In Hyflux Ltd v. SM Investments Pte Ltd [2019] SGHC 236, the Singapore Court considered the scope of the moratorium granted under Section 211B of the Companies Act. The Court held that s 211B(1)(c), which restrains the commencement or continuation of any proceedings against a company undergoing the scheme of arrangement, does not, in the absence of express statutory language to the contrary, apply to counterclaims which are purely defensive. Hence, notwithstanding the Section 211B moratorium in favour of the plaintiff company undergoing restructuring, a defendant may raise a counterclaim without the leave of court insofar as it operates to extinguish or negate a claim brought by the plaintiff company, without affecting the position of other creditors. However, any other counterclaim that goes beyond operating as a defence (e.g., a counterclaim for damages or property) requires leave of court. In granting leave, the Court will have to go through a balancing exercise to consider the needs of the interests of the defendant as against the plaintiff company and its creditors, weighing (1) the impact on other creditors, (2) the possible distraction from restructuring and (3) the prejudice or effect of refusing or allowing the application on parties. In that case, the Court granted leave to bring the counterclaim, subject to the safeguard that there be no execution, so as to ensure that the defendant did not gain an advantage over the other creditors through its counterclaim.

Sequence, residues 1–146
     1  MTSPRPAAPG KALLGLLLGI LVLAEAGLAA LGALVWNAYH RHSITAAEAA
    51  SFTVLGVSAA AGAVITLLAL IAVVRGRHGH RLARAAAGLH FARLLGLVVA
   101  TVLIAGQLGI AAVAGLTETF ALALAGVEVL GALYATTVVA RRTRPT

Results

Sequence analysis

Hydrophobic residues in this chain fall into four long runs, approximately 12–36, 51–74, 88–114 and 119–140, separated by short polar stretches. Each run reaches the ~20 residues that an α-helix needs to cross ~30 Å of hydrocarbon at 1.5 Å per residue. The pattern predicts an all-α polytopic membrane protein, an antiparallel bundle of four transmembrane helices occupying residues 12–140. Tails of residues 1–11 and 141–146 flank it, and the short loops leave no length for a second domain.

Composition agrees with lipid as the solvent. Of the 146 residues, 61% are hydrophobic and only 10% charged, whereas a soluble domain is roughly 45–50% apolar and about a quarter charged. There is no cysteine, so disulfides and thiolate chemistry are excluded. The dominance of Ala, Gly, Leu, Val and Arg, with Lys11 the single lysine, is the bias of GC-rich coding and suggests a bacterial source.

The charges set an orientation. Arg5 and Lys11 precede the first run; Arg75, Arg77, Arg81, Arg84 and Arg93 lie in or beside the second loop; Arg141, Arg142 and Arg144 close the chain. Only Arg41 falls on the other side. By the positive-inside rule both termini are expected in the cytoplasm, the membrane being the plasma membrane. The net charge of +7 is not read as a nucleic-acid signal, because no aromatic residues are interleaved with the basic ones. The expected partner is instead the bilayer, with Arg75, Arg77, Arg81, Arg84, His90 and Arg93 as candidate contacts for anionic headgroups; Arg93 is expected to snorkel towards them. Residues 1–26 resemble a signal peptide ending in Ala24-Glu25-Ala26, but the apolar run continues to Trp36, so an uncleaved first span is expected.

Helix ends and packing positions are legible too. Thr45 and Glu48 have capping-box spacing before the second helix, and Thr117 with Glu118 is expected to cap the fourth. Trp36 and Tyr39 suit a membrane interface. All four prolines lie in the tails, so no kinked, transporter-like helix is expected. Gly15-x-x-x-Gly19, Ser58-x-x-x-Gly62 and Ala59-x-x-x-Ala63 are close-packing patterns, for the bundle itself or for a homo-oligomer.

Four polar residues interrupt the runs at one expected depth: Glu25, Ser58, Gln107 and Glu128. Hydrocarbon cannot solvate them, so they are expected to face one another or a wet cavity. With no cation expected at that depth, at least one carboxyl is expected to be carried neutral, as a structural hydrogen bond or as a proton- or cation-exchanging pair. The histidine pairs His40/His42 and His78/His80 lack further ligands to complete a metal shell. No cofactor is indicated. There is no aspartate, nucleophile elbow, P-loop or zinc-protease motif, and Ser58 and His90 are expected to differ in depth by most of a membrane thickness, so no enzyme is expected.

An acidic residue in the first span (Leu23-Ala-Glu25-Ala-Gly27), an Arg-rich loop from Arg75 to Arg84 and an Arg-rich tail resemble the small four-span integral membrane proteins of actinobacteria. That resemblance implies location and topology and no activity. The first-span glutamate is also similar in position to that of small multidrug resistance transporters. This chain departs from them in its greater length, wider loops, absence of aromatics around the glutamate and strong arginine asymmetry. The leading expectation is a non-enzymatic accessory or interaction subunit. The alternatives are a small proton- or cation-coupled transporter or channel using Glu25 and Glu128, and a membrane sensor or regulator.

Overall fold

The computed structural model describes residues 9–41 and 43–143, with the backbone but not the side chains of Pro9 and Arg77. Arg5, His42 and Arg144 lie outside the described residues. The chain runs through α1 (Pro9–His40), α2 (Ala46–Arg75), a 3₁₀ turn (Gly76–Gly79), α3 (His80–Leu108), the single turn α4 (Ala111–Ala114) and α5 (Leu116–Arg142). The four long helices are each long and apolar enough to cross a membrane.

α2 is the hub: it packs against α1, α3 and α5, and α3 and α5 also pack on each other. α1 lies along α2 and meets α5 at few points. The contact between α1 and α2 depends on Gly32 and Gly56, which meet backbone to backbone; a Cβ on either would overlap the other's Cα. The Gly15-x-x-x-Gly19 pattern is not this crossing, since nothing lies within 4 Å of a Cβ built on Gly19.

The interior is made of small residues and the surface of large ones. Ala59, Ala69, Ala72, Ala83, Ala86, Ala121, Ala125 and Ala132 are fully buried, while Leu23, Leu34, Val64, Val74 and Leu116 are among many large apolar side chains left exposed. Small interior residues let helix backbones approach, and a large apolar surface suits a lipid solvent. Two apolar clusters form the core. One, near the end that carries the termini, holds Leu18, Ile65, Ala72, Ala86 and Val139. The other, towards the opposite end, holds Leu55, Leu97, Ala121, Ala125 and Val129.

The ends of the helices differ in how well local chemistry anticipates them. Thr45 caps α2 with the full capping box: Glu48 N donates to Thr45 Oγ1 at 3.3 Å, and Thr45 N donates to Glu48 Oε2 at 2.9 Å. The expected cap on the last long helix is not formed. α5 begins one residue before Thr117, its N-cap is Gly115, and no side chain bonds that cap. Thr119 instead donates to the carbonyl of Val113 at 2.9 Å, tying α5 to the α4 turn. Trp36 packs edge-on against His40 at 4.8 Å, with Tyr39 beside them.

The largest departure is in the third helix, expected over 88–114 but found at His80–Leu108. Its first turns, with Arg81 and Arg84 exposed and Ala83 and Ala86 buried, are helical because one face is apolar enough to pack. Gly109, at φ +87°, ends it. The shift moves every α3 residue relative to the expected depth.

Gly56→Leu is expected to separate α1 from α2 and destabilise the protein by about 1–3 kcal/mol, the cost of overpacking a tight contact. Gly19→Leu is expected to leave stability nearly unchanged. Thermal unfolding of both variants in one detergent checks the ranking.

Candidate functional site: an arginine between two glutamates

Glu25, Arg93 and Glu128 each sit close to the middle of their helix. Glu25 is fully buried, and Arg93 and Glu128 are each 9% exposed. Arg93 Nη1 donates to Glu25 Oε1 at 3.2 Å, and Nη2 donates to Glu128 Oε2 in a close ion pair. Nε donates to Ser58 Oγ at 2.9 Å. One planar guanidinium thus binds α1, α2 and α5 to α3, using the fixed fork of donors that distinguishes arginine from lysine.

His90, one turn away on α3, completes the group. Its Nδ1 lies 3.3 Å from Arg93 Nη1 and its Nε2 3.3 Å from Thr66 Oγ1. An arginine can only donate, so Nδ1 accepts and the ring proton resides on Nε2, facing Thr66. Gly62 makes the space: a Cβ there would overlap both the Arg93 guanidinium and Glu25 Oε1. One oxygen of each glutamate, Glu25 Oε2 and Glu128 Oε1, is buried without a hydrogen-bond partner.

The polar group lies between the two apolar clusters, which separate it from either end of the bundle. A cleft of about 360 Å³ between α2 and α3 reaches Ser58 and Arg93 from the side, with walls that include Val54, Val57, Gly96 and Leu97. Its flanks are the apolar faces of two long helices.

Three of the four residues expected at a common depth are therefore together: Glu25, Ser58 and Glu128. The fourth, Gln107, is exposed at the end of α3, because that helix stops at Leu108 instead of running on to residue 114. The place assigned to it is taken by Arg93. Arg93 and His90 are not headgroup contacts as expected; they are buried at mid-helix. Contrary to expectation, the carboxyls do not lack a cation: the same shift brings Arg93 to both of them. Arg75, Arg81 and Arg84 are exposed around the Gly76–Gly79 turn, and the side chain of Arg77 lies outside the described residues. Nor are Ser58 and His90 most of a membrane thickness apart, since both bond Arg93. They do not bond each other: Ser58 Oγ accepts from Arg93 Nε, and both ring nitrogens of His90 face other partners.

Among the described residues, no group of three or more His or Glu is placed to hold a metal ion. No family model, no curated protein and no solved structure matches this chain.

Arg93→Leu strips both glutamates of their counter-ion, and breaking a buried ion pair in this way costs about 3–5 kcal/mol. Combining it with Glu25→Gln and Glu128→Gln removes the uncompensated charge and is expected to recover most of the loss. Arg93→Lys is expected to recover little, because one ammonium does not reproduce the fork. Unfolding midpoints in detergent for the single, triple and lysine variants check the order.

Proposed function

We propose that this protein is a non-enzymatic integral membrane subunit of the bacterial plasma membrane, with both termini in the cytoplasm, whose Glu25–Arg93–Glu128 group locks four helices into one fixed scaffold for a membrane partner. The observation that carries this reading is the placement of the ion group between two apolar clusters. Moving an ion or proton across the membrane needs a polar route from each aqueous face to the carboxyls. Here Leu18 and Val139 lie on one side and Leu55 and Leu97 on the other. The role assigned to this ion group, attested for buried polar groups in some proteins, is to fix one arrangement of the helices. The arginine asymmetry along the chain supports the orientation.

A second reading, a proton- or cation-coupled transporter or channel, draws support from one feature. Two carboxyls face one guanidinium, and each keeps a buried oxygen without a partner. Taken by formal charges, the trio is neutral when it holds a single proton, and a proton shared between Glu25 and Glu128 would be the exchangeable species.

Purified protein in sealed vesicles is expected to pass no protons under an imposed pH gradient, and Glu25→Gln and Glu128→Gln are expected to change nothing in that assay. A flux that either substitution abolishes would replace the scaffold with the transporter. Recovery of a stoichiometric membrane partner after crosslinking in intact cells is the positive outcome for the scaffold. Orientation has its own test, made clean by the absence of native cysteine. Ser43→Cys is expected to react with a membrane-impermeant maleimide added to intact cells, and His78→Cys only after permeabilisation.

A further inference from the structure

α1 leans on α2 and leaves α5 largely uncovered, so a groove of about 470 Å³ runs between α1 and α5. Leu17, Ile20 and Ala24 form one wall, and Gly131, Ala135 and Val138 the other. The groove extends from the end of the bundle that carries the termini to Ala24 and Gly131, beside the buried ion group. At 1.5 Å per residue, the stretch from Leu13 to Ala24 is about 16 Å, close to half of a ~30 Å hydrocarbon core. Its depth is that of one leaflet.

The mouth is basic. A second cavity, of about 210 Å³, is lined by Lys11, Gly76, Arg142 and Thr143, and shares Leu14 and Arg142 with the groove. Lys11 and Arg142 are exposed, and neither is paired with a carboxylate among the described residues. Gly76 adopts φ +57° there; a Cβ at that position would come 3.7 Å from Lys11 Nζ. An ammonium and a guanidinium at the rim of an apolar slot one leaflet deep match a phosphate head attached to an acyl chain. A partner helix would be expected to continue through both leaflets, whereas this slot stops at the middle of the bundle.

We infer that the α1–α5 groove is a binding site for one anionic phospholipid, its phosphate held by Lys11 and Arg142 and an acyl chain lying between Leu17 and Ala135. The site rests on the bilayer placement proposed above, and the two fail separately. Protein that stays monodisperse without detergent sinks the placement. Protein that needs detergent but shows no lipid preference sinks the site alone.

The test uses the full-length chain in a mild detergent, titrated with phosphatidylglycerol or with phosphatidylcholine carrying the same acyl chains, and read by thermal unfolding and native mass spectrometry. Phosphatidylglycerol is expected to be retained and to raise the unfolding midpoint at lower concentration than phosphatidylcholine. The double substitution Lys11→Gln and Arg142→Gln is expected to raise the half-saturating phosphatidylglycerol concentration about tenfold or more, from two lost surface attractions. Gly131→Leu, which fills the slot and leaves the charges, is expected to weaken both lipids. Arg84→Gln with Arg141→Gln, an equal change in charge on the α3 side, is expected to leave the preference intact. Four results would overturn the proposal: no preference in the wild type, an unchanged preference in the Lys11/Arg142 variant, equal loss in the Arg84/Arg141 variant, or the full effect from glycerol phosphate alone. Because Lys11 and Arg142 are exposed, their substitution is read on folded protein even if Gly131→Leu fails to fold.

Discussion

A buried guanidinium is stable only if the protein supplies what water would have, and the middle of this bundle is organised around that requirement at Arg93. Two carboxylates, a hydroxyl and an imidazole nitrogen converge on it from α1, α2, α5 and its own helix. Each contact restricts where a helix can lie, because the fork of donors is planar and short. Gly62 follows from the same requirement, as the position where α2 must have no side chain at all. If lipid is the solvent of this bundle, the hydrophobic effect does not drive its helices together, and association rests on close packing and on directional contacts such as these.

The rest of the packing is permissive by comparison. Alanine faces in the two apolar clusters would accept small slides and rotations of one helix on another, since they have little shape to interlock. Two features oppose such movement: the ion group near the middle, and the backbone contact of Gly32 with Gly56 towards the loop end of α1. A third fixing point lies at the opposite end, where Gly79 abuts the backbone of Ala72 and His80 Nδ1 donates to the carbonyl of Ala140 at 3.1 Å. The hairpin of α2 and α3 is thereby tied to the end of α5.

Judicial management: key developments

The Singapore High Court affirmed a judicial manager's distributive powers to unsecured creditors outside of a scheme of arrangement or liquidation, allowing the judicial managers of Ryobi Kiso (S) Pte Ltd to make interim distributions of funds to its creditors.

Winding up: key developments

The Singapore Court has clarified that, notwithstanding the absence of a legislative provision, it has jurisdiction to set aside a winding-up order under its inherent powers. Such application should be made by the petitioning creditor or the liquidator. This development thus functions as a stop-gap interim measure until the Insolvency Act (which contains express provisions for the termination of winding-up proceedings) comes into force.

Seah Chee Wan and another v. Connectus Group Pte Ltd [2019] SGHC 228 involved the court's discretion to refuse a winding-up order on the grounds of insolvency, even after finding that the company was cash-flow insolvent. In that case, the High Court found that the company was cash-flow insolvent, but nevertheless exercised its discretion and declined to wind up the company on the grounds of insolvency – among other things, the company had an ongoing business with thriving operations that was capable of generating cash that could eventually be used to pay off its debts, and there was insufficient evidence to conclude that the company was balance-sheet insolvent. The company was, however, ordered to be wound up on a different ground: that it would be just and equitable to do so in the context of a dispute between shareholders.

Arbitration and insolvency